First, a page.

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Native American Faces

Crazy Horse

Oglala Lakota (Sioux) -- 1849-1877

While there have been many renowned leaders among the Lakota (Sioux), perhaps the most high-profile of them all is Crazy Horse. A fierce and fearless warrior, and considered a visionary by his people, Crazy Horse also wielded great power and influence in many social and political affairs that faced the Lakota. While his role in battle is often recounted, more important perhaps was his dedication to tradition and the Lakota way of life.

As a child, Crazy Horse looked little like the rest of his people. In fact, his hair was so light and wavy he was called "Curly" as a childhood name. Many a white settler who saw him playing along side the trail they traveled thought he was actually a white captive living among the Indians. An enigma then, Crazy Horse remained so. While other Lakota and their leaders sat for portraits, Crazy Horse never allowed a rendering of himself in any medium, especially photographs, saying: "Why would you wish to shorten my life by taking my shadow from me?"

While still a very young man, Crazy Horse began his journey toward becoming a legendary warrior. At 13 he stole horses from the Crow and led his first war party before the age of 20. Early on he decided he would fight to protect the Lakota way of life and encroachment of white armies and settlers, fighting against the new arrivals in Wyoming with Red Cloud in the 1865-68 war, playing a key role in destroying William J. Fetterman's brigade at Fort Phil Kearny in 1867. That victory did not stop the influx, however, and the Fort Laramie Treaty of 1868 opened the door of Lakota land to all that Crazy Horse fought to prevent. Undaunted, Crazy Horse led an attack on a surveying party sent into the Black Hills by General George Armstrong Custer in 1873.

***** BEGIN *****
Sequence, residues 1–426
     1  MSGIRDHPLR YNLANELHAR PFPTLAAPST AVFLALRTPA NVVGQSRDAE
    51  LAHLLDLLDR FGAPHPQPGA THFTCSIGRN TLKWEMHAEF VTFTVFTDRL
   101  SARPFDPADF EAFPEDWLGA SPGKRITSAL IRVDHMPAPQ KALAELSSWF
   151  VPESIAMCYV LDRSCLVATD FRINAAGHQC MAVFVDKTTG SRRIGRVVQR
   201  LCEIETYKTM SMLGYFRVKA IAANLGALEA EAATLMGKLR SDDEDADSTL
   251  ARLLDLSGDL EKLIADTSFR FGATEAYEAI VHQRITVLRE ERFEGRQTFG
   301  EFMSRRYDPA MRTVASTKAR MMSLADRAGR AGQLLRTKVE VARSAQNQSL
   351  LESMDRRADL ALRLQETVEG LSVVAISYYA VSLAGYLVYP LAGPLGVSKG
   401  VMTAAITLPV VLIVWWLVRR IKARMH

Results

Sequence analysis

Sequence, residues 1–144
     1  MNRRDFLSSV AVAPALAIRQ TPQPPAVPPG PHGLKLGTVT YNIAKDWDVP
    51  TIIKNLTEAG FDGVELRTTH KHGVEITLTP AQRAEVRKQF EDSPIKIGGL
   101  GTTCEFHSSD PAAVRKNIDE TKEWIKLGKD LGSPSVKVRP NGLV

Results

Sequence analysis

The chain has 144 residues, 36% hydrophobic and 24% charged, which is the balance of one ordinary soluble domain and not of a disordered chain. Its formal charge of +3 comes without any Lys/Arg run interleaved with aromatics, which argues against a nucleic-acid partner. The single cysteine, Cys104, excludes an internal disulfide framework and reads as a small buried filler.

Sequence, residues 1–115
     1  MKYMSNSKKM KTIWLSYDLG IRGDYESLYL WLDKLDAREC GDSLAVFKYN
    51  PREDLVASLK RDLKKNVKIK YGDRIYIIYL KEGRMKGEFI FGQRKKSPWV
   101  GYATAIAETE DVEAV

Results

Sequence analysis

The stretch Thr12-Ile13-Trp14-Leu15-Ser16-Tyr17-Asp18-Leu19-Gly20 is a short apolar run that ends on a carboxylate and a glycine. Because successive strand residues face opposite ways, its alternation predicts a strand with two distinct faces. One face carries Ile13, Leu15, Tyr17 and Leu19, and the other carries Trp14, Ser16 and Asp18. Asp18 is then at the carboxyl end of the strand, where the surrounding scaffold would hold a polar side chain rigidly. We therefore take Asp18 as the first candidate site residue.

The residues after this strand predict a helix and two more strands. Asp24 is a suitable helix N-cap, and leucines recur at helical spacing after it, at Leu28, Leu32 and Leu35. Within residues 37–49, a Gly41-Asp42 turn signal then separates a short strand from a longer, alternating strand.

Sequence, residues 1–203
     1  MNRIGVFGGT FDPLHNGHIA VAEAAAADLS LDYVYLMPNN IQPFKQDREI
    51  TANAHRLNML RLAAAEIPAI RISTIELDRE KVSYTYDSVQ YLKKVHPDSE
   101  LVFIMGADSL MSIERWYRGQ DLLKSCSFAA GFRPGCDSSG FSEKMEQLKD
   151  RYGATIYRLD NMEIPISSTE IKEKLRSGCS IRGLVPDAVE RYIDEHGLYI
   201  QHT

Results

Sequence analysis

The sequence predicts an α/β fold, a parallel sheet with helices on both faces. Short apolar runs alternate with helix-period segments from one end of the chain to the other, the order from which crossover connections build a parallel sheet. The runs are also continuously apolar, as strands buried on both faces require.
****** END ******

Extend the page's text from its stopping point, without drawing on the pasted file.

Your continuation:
When the U.S. War Department ordered all Lakota bands onto reservations in 1876, Crazy Horse took it upon himself to lead the resistance. Crazy Horse had taken a Cheyenne woman as his first wife, which allowed a close alliance between the Lakota and Cheyenne. Crazy Horse called upon his Cheyenne relatives to join forces with his Oglala warriors in an attempt to keep General George Crook from following the Rosebud Creek to Sitting Bull's camp on the Little Big Horn River. Crazy Horse and his band of 1,200 warriors turned Crook and his men back on June 17, 1876. This victory paved the way for hope. A week later Crazy Horse joined forces with Sitting Bull and Hunkpapa Lakota leader Gall in an attack that destroyed Custer's Seventh Cavalry.

Despite the Indian victory at the Little Bighorn, things changed. Though all three leaders chose not to submit to government orders to report to the reservation, Sitting Bull and Gall decided to lead their people to Canada. Crazy Horse chose to remain in the sacred lands of the Lakota. General Nelson Miles pursued Crazy Horse, the Lakota and their allies relentlessly throughout the winter of 1876-77, bringing Crazy Horse into battle several times. Eventually, the intense focus of the military on his position and intent, coupled with the decline of the buffalo population, led Crazy Horse to surrender on May 6, 1877.

Even in defeat, Crazy Horse remained a free spirit. On September 5, 1877, he left the reservation without authorization to take his sick wife to her parents. General George Crook, whom Crazy Horse had defeated a year earlier, ordered 43 men to go and arrest him, fearing that he was plotting an outbreak and return to battle. Crazy Horse did not resist arrest at first, but when he realized that he was being led to a guardhouse, he began to struggle. For the entirety of his life, Crazy Horse had abhorred gunfire and believed he could not be killed by bullets, and this belief held firm in the end for once he began to struggle, his arms were held by one of the arresting officers and a soldier ran him through with a bayonet.

He was secretly buried by his parents somewhere in the hills in the vicinity of where he was camped when he was arrested. The location has been known to very few over the years and remains a secret today.

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